I did a search on “what characteristic do most people want in a leader?”. Not unexpectedly, integrity was the single trait that appeared consistently at or near the top of the list – whether put together by the illustrious Forbes or the myriad of organisations, government bodies, academics or leadership coaches out there. In my experience, every business seems to have integrity as one of its hand full of core values.
So, what does integrity mean?
Once again, my search for a definition presented me with some food for thought. Integrity is the state of being whole and undivided. If one looks at the origin of the word, this makes a lot of sense. It stems from the French intégrité and the Latin integritas from which we also get the words entirety, integral, and integrate. It’s synonymous with words like unity, wholeness and cohesion.
What this led me to realise is that integrity is so much more profound than honesty. It also made me understand better the use of the term data integrity. It’s all about being consistent, integrated, holistic. What you promise is what you deliver, what you expect is what you get – every single time!
What are the components to be integrated?
In his book The Perfect Leader, Kenneth Boa states that to have integrity is to be sound, complete, integrated. To the extent that a person’s morals and ethics are integrated that person has integrity. To the extent a person’s morals and ethics are not integrated that person lacks integrity. So the question then becomes, what are morals and ethics?
Both Ethics and Morality are standards of right and wrong, good and evil. The difference is that Ethics are what a person says they believe to be right. Morality on the other hand is what they actually do. One is aspirational, intended or wished-for whilst the other is acted on or carried out.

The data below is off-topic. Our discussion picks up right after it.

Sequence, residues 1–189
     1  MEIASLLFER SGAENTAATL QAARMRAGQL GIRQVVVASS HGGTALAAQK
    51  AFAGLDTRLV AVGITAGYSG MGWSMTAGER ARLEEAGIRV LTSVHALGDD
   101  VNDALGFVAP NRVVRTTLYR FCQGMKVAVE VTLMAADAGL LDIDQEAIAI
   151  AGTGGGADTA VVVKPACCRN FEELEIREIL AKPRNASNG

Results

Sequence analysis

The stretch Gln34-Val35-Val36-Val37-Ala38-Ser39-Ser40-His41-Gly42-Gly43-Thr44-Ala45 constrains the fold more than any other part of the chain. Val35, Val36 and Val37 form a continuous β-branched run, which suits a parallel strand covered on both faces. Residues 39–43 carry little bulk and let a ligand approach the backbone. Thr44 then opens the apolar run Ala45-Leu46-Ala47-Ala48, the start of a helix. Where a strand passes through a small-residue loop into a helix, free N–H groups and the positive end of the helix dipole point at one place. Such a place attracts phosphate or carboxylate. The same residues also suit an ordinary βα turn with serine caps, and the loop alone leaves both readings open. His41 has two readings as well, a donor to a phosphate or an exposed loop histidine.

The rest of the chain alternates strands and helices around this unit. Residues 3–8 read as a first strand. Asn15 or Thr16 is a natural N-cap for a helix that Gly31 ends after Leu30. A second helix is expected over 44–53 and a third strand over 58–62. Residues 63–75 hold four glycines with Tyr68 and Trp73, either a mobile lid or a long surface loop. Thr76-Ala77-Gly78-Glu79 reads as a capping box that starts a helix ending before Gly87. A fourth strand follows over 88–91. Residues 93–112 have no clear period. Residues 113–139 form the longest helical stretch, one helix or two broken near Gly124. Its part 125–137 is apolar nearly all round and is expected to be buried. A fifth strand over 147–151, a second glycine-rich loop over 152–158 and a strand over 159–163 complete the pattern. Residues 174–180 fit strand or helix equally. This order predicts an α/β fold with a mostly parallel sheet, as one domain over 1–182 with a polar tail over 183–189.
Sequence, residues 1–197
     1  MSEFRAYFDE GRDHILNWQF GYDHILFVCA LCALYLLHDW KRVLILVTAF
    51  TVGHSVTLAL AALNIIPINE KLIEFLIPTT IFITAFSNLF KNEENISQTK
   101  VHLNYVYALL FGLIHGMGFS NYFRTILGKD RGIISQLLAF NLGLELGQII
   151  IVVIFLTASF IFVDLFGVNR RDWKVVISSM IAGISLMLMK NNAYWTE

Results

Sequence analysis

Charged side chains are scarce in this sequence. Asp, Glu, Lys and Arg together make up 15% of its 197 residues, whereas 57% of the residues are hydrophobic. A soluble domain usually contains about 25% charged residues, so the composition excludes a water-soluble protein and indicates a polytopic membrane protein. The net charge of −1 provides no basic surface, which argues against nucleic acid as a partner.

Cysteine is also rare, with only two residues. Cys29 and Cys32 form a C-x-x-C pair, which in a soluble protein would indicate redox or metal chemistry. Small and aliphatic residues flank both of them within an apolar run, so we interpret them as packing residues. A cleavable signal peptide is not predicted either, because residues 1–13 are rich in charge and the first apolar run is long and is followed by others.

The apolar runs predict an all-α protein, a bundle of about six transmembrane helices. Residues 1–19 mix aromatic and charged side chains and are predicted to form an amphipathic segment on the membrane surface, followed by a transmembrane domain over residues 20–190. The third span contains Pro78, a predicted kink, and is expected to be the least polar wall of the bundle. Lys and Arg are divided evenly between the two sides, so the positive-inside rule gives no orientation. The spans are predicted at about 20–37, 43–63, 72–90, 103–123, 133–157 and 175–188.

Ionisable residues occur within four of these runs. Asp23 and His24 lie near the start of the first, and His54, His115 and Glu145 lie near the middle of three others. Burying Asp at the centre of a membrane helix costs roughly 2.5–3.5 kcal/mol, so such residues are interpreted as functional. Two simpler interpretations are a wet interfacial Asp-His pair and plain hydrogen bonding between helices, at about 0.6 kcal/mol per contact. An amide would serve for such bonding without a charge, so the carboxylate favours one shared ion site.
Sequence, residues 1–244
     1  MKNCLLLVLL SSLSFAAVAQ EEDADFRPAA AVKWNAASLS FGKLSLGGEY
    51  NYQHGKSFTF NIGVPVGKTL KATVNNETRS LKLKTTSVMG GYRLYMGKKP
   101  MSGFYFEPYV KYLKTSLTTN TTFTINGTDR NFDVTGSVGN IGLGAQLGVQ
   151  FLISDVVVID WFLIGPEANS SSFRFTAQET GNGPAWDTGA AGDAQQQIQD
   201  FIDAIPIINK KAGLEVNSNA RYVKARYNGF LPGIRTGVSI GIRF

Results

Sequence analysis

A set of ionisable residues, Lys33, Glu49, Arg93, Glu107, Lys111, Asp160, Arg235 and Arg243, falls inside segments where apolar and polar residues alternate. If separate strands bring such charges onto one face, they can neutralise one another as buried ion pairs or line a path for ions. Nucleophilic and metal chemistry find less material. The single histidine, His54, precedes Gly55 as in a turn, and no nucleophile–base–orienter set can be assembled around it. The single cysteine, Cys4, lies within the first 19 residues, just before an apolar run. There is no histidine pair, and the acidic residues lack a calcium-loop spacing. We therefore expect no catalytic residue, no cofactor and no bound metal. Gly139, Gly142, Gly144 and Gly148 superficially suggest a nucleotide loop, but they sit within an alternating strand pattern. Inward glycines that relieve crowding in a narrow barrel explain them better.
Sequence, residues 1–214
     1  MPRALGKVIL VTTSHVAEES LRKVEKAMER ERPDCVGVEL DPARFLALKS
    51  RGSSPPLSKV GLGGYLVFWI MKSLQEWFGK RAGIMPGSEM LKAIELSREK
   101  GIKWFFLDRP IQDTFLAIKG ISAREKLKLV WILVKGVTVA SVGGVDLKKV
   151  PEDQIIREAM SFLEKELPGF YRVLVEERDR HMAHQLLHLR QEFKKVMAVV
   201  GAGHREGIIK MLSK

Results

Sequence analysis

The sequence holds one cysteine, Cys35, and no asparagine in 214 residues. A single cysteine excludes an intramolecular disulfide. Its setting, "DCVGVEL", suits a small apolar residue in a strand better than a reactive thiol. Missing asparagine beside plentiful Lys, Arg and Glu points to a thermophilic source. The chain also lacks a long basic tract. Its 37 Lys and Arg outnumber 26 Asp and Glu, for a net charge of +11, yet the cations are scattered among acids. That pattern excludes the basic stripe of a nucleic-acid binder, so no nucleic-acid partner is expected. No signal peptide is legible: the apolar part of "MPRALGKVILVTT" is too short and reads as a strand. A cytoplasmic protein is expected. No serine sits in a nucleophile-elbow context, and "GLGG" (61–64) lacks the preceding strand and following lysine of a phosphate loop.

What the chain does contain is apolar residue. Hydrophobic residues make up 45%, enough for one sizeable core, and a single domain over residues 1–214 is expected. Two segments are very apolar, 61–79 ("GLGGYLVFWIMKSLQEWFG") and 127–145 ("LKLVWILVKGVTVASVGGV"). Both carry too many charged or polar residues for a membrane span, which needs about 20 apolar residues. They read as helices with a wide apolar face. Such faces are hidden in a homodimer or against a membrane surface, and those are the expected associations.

Psychologists use a term called personality disintegration. Whilst not professing to be an expert, again my search engine came to the rescue with a definition. The American Psychological Association Dictionary describes it as “fragmentation of the personality to such an extent that the individual no longer presents a unified, predictable set of beliefs, attitudes, traits, and behavioral responses. The most extreme examples of disintegrated, disorganized personality are found in the schizophrenias.” To disintegrate means exactly as the word suggests. Break up, lose cohesion.
Boa looks at it a rather different, albeit twisted way. If one of our friend’s says he will lie, cheat and steal he has low ethics. If he does business that way he also has low morality. He is unethical and immoral but he has integrity because his morals are consistent with his ethics. If he claims to cheat and steal but doesn’t cheat and steal, he is moral in practice but lacks integrity because his morality doesn’t match his ethics.
So how does it play out in practice?
Given ethics are the standards, my sense is that they form the benchmark. Clarity and agreement on what is right and wrong forms the basis against which we can measure someone’s behaviour and hence their integrity. For Christians, these standards are defined in the Bible. Other religions provide similar benchmarks against which to assess consistency of behaviour. One could argue that in a country with a robust legal system, the standards are defined in the law.
The problem comes when we try and measure someone’s integrity against our own ethical standards. If we don’t have common ethics, the exact same moral compass, what is perceived to be integrity will vary too. Whilst there are some seemingly obvious measures that we’d all subscribe to, they may not be as clear as we think. What about “Do not steal” – have you ever taken some office stationery home for the kids. Or “Do not lie” – what about the little white lie you told last week, after all it was in order not to hurt his feelings? Just yesterday, did you do what you said you would?
So how can you as a leader act with integrity?
The more I thought through this, the greater the difficulty I had in coming up with an answer. The first conclusion I did come to is that it is extremely difficult to assess the integrity of another person with any level of certainty. We may be able to assess whether they are behaving in line with how they say they should or intend to. But it would be unfair to see someone else’s behaviour and judge them against our ethics, unless they have committed themselves to a shared set of standards.
What we can do is take responsibility for our own integrity. Be clear on the ethical standards that we have bought into and act consistently in accordance with them. If we do this, we will lead integrated lives, where the pieces are together in a unified whole and our lives can be deemed to be wholesome. One could say then we’d have it all together.